Fourth Element - Proteus 5mm Wetsuit + 7mm Cold Water Hood

Living in Scotland and having a passion for getting in the sea may come across as something of an oxymoron, and until my recent purchase of the Fourth Element’s Proteus II 5mm wetsuit, I would have agreed with you!

Let me be upfront – when it comes to life in general, (on land, let alone in the water) I am somewhat of a Princess; should I feel the slightest breeze grace my face fuzz I begin the layering process! This may explain why when it comes to dipping my head, shoulders, knees and toes in la mer for more than a few seconds, I prefer the warmer waters of the tropics. However, living in (the fantastically beautiful) Scotland, and having read about the wonderous biodiversity that can be found along the various sites of the Nature Scot North West Scottish snorkel trail, I decided I needed to suck it up, and take the literal plunge! I just needed to find a wetsuit that would allow me to enjoy the snorkel aaaand not think throughout, “I’m freezing, I’m freezing, my hells-bells, I’m ruddy freezing!”. Enter Fourth Element and the Proteus II.

I read extensively (really extensively) about what thickness to go for, ensuring it would afford me the pleasure of year-round snorkeling. I plumped on 5mm, planning to layer it with my 1.5mm rash vest if needed. Next, I needed to find a company from which to procure my new aquatic garment. There are so many companies out there with strong heritage and reputation, but for me, it was imperative I went with a company who share my passion for protecting our marine environment. I’d heard of Fourth Element while studying for my Masters degree in Falmouth, Cornwall, and, after perusing their website and social media platforms, my mind was made up.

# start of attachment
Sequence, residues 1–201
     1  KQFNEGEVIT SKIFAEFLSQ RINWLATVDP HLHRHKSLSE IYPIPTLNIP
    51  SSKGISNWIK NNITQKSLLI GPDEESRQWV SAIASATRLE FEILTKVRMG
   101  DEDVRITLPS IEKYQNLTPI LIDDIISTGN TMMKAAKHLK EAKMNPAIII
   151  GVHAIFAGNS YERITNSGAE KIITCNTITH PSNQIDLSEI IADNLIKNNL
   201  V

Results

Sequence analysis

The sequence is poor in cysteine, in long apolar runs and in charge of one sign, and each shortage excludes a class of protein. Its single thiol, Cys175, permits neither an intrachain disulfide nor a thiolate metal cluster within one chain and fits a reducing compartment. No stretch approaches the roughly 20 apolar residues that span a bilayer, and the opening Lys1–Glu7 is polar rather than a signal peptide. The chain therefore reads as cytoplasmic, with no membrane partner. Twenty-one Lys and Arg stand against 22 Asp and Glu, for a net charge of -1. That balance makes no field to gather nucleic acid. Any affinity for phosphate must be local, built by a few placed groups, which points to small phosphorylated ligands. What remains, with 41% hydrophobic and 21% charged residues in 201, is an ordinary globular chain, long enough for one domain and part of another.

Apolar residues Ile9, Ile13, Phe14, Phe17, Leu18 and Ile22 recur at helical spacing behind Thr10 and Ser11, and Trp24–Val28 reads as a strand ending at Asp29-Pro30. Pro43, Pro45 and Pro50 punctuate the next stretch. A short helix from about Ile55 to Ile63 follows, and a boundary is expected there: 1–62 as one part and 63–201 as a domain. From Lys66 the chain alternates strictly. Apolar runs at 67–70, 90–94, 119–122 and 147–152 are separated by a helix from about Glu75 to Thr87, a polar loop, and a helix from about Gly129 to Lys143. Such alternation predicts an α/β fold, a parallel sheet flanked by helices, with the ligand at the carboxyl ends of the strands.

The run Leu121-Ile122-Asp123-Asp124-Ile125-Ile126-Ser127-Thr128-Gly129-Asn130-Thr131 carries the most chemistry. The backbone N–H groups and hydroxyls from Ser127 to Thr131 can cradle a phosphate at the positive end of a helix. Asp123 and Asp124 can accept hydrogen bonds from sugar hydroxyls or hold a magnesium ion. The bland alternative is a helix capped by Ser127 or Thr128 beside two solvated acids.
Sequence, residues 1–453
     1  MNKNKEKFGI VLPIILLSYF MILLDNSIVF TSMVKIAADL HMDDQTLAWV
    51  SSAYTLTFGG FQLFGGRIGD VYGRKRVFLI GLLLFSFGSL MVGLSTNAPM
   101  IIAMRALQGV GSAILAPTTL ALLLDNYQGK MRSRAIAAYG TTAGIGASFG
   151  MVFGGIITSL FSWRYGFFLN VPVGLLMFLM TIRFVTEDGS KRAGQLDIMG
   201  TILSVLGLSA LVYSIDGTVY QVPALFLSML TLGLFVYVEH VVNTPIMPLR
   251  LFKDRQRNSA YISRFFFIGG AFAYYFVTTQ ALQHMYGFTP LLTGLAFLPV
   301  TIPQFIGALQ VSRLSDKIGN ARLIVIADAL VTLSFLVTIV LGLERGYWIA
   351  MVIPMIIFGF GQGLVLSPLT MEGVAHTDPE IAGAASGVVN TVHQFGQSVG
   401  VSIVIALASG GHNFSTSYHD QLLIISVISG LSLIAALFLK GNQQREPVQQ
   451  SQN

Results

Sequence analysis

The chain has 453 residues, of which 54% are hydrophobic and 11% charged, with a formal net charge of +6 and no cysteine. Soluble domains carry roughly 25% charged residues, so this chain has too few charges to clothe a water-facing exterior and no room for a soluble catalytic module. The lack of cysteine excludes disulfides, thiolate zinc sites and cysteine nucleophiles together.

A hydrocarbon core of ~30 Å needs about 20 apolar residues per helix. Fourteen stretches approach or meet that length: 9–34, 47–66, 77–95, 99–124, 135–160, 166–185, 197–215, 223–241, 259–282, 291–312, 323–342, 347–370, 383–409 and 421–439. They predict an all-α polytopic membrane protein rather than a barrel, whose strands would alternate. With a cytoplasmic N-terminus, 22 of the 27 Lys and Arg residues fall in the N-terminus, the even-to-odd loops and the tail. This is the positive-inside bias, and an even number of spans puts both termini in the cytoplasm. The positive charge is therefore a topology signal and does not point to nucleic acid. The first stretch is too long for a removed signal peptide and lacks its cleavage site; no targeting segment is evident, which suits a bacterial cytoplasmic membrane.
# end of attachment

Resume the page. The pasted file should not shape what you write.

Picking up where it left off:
If I had to sum up the suit in two words, I would say, ‘thoroughly impressed’ (note, this is not a sponsored review…my digital door is always open though!). Having previously owned entry level suits, I instantly appreciated all of the advanced features. First up, the Hexcore body lining, which did a tip-top job of keeping my wee engine toasty for nearly an hour as I bobbed around the icy waters off Clactoll in the NW Highlands in late October. I also really liked the Glideskin wrist seals, which kept the said icy waters out. However, for me, the best feature of the suit was the hydrolock inner neck seal – even in the warm waters of the tropics I would roll in backwards with trepidation, waiting for that first cold flush to hit me (if you know, you know!). However, I was amazed at how the hydrolock pretty much stopped any water flushing down my neck and back! WIN!

A few reviews say it is a difficult suit to get in and out of, but post snorkel it was wet, rainy and windy and, had I not read these reviews, I wouldn’t have thought anything of it.

So far, I’ve only been out once (thanks Covid!), but the suit performed exactly as I’d hoped. Yes, it’s expensive. Yes, I paid for it all out of my own pocket, and yes, I still feel it is excellent value for money! I’m looking forward to getting out again to snorkel more of Scotland’s bonny coastline, and I know I’ll be able to spend my time enjoying the underwater wonders, nice a snug!

FYI, Fourth Element have begun offering a new suit which is not made, but grown. The Surface is made of sustainable natural rubber and part of their Ocean Positive range. No diggedy, no doubt, this would have been my first choice, but it is only 4/3 thick, which I knew would not be warm enough for this princess!

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